Posts tagged: maker
I wrote about Novena, an DIY open source laptop project for Wired:
“The motherboard, battery board, and display adapter board are designs from whole cloth,” Huang says of the machine. “Every trace on those PCBs was placed by my hand.” They also designed the case, which includes several components that you can print from a 3-D printer. And instead of proprietary firmware, they used the open source Das U-Boot.
It’s not the fastest or the most portable of laptops. Equipped with 4GB of RAM and an ARM processor you’re more likely to find in a cell phone, it offers the power of the average netbook, but it’s the size and weight of a budget laptop from the middle aughts. “It’s no feather,” Huang says.
But what the Novena lacks in modernity it makes up for in transparency. “If you see something suspicious in the hardware, you have the opportunity to look it up in the reference schematics and see if it really is a cause for concern,” Huang explains. In other words: you can check for NSA backdoors.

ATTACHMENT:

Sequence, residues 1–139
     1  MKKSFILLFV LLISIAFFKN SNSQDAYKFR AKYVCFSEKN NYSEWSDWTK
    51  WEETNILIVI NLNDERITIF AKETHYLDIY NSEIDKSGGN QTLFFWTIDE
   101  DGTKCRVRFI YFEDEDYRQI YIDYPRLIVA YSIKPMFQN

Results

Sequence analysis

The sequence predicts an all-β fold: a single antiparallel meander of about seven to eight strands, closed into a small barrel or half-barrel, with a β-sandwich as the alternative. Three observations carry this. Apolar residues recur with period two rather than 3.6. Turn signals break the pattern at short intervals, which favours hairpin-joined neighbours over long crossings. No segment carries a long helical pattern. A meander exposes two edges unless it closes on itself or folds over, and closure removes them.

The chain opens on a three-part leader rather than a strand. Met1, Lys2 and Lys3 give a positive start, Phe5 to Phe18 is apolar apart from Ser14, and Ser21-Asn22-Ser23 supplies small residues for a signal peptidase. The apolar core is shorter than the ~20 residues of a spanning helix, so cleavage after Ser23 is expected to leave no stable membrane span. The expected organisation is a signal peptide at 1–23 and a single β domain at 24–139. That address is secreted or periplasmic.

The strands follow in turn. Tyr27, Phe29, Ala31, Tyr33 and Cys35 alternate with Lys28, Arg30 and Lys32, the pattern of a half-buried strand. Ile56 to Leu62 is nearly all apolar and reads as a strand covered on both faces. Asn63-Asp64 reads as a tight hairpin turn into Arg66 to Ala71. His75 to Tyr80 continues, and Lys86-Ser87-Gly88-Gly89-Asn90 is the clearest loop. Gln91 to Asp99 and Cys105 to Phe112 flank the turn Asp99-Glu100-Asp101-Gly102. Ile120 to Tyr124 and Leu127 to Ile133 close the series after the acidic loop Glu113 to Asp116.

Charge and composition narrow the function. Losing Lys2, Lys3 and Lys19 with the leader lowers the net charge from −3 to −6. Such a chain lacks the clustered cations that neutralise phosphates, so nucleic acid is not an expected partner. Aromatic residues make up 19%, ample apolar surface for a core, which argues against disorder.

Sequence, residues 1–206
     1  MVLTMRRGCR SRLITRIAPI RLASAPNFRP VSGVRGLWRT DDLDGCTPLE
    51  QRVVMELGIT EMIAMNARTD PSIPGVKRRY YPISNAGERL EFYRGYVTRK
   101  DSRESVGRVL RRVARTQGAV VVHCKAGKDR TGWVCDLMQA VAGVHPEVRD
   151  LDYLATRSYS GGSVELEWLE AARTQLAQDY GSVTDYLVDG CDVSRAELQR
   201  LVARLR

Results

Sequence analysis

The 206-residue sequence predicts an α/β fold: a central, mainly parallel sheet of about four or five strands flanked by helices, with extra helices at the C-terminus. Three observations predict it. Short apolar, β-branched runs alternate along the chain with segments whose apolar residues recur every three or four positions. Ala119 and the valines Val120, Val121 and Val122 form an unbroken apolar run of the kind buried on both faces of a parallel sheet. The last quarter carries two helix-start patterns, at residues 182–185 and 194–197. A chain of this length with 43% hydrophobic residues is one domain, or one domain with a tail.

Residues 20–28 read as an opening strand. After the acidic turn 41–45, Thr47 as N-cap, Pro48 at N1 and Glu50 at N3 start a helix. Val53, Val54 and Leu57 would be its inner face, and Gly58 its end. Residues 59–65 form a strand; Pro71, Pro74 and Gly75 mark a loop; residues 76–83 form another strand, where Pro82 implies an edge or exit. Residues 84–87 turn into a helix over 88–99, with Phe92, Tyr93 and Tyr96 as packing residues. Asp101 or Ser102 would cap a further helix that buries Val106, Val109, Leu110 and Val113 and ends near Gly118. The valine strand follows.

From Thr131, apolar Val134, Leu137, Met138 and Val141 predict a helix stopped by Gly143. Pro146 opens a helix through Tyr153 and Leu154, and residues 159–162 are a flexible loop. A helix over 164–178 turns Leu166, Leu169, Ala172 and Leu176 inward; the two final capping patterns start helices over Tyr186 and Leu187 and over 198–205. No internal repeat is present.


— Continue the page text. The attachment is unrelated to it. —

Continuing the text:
The specs are here.
Previously: My Smart Phone Freedom Trilogy
Meet America’s mad professor. For nearly 40 years Bob Iannini, founder of Information Unlimited, has been mail-order mentor and parts supplier to electronics hobbyists willing to take on some of the most dangerous DIY projects in the world.
Need kits, plans or supplies for a Tesla coil? Pick a size — Information Unlimited carries itty bitty 2-foot science-project-type Tesla coils, all the way up to terrifying 6.5-foot, 2-million-volt monstrosities. More practical consumers can pick up laser components, bug zappers and high-voltage transformers and switches. If that doesn’t tickle your fancy, Iannini offers a massive EMP blaster gun kit capable of disrupting electronics or igniting explosive fuels with a radiating electromagnetic pulse — a pre-assembled unit will set you back just $32,000
The work of Dutch fashion designer Iris van Herpen, whose designs have been worn by the likes of Lady Gaga and Bjork, are being featured in the Groningen Museum in the Netherlands. van Herpen uses 3-D printing to make dresses like this one:
(you can see a model actually wearing it in the video above)
More images and information: 3-Der: Iris van Herpen’s 3D-printed dresses in Groningen Museum
See also: The New Aestetic and Future Fatigue